We konden het bij MST in eerste instantie ook niet geloven, erkent bestralingsdeskundige Liselotte ten Asbroek. Toen de afdeling radiotherapie zo’n drie jaar geleden op het punt stond om een van de bestralingsapparaten te vervangen, kwam het uit bij Varian. De fabrikant van apparatuur en software voor radiotherapie beloofde met haar nieuwe bestralingssysteem Ethos Therapy zowel de voorbereiding als de duur van een radiotherapiebehandeling sterk te kunnen reduceren.
Voorafgaand aan een behandeling wordt een radiotherapieplan opgesteld. Dit plan moet dagelijks worden aangepast aan veranderingen in de anatomie. Ten Asbroek: “Om het plan aan te passen, waren we in de oude situatie een dag bezig, en dan kon de anatomie van de patiënt alweer veranderd zijn. Dat dit aanpassen nu bijna meteen kan (in ongeveer een kwartier), is iets dat we ons toen niet konden voorstellen.” Afdelingsmanager Radiotherapie André Doldersum: “De haarscherpe beeldkwaliteit van de Cone Beam CT-scan van de Ethos en de kunstmatige intelligentie (AI) in de software eromheen maken dit mogelijk. Hiermee is de deur opengezet voor een nieuwe aanpak van radiotherapie.”>>>>>>>lees verder
Je zou het de nieuwste Ferrari of Porsche onder de tumorenbestralers kunnen noemen: de Varian Ethos. Hij is supersnel en heel nauwkeurig. MST is het enige ziekenhuis in Nederland dat er eentje bezit.
De Ethos is het allernieuwste dat er op het gebied van bestraling te koop is én het allerbeste. De voordelen van de machine liggen vooral bij de patiënt, want hij is niet alleen snel, hij is ook uiterst nauwkeurig. Dat betekent: gelijk raak schieten en dus minder klachten. Voorlopig worden met de Varian Ethos Therapy alleen prostaatkankers bestraald, maar in de toekomst wordt hij ook voor andere tumoren ingezet.
De Ethos ziet eruit als een grote ring, waarin de patiënt geschoven wordt op een tafel. Technisch gezien is de Ethos een deeltjesversneller die fotonen op de tumor afvuurt. Daar kan het dna niet tegen en zo wordt de tumor gedood. Dat klinkt eenvoudiger dan het is, want in het lichaam is het nooit rustig. Dat maakt het ook lastig om precies te mikken, aldus radiotherapeut en oncoloog Dankert Woutersen van MST. „Een volle endeldarm, een gevulde blaas of darmgas kunnen de organen een beetje van de plek duwen.”
Zijn collega Liesbeth de Wit weet daar alles van. De radiotherapeut en oncoloog is gespecialiseerd in het bestralen van prostaten. „De prostaat kan soms net op een iets andere plek zitten”, zegt ze. „Vroeger maakten we één behandelplan en dan bestraalden we steeds dezelfde plek. Toen wisten ook al wel dat er wat beweging in de prostaat kan zitten. Dus moesten we aan de veilige kant blijven.”
The frequency of minor edits, or no edits, to influencer and target contours found in this study overall was 92% and 91%, respectively. This is broadly in agreement with that shown by Sibolt et al. 18 who reported 76% of influencers requiring no or minor edits over a greater range of treatment types. The results of Sibolt et al. are also somewhat skewed by the inclusion of bladder cancer treatments with a catheter in place, which were noted to have performed poorly during AI contouring. The frequency of target edits is marginally higher than that seen in the study by Sibolt et al. 18 for prostate (100% requiring no or minor changes), but that study did not include prostate bed cases, or separate nodal from primary CTVs in the data presented. The results show that the intact prostate CTVp required less edits than the prostate bed CTVp, indicating that the system performs more accurately where there is a GTV that is also an influencer, compared to the more variable prostate bed CTVs without a GTV. Even so, the reported frequency of editing of influencer and target contours was similar, and indicates an efficient workflow is possible. The previous study by Yoon et al. 19 covered different anatomy, however the reported accuracy of contouring was broadly consistent with this study. The frequency of adaptive plan selection reported by Sibolt et al. was lower than found in this study (88% compared with 95% found here), although not inconsistent given the range seen for different treatment sites (89.4% for prostate and nodes).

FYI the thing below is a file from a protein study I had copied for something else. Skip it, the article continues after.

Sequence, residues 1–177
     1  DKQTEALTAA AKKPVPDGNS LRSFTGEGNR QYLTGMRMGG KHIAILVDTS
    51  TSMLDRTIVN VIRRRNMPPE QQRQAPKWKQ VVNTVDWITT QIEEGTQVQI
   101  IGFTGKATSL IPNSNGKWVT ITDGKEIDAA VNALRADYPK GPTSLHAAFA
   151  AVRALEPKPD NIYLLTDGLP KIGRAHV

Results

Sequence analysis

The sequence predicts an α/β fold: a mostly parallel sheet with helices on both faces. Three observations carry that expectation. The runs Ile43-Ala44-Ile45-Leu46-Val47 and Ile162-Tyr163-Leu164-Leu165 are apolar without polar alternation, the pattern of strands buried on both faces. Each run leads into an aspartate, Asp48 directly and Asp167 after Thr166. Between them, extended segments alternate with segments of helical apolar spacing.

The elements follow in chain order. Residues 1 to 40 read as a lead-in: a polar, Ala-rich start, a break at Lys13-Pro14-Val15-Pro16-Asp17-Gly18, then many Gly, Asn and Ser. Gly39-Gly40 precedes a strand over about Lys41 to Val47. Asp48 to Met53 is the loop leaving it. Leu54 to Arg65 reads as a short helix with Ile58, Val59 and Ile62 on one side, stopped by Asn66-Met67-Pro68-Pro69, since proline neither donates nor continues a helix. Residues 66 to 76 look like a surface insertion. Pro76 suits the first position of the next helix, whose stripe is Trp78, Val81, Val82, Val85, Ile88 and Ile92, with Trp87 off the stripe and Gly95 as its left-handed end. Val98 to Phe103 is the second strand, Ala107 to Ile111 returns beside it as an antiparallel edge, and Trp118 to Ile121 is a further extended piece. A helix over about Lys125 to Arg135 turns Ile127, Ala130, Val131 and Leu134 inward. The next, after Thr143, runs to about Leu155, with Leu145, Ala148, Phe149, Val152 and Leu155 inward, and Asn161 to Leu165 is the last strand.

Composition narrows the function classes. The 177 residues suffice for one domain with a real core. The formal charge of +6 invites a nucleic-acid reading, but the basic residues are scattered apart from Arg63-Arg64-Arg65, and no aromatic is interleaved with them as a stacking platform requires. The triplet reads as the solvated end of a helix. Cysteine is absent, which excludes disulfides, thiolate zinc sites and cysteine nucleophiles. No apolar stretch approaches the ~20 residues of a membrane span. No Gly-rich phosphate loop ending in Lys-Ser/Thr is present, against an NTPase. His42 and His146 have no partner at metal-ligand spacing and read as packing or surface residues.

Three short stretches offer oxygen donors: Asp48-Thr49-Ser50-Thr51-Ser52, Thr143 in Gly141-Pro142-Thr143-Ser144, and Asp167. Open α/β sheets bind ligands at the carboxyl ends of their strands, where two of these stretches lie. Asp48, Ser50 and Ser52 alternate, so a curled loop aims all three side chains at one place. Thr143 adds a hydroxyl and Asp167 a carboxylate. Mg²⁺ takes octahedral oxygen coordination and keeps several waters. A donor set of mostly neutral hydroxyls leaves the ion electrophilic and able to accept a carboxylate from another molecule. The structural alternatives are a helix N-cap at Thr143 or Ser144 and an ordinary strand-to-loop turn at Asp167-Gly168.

The differences in contouring accuracy for the sigmoid colon seen in Figure in prostate bed cases are thought at least partially to be due to more mobility in the sigmoid colon post‐prostatectomy. Due to the propagation of the sigmoid colon from the simulation CT to the CBCT using an elastic DIR (which is not affected by influencers) in an area of low HU contrast, the DIR poorly tracks sigmoid colon movement. Therefore, the daily sigmoid colon contour accuracy is highly dependent on the sigmoid position during the simulation CT, and specifically how representative it is of the average sigmoid colon position on the treatment. The data presented here include 125 fractions, but these correspond to just six simulation CT scans, and therefore are likely an insufficient sample size to predict frequency of sigmoid colon edits.
When edits are made to targets or noninfluencer OARs, the treatment time substantially lengthens, as the optimization process that is already underway during the contour review step is restarted. Therefore to maximize efficiency, ideally no edits are required, and even minor changes can be problematic if seen consistently. To avoid the frequent edits to the sigmoid colon, we propose to add a 5 mm sigmoid PRV to the workflow in future. This PRV structure would be used as a dose avoidance region and would not be regenerated daily based on the sigmoid colon, but rather propagated from the planning CT. This would allow the user to verify that the sigmoid is within the PRV daily, and thus not spend additional time editing the sigmoid colon which would force a re‐optimization of the plan. This alteration has the disadvantage that it is not adapting the plan to the daily position of the sigmoid colon but rather is avoiding dose in the whole region surrounding the sigmoid colon, and thus may unnecessarily compromise coverage. In future, an AI‐based sigmoid colon influencer would be a preferable solution.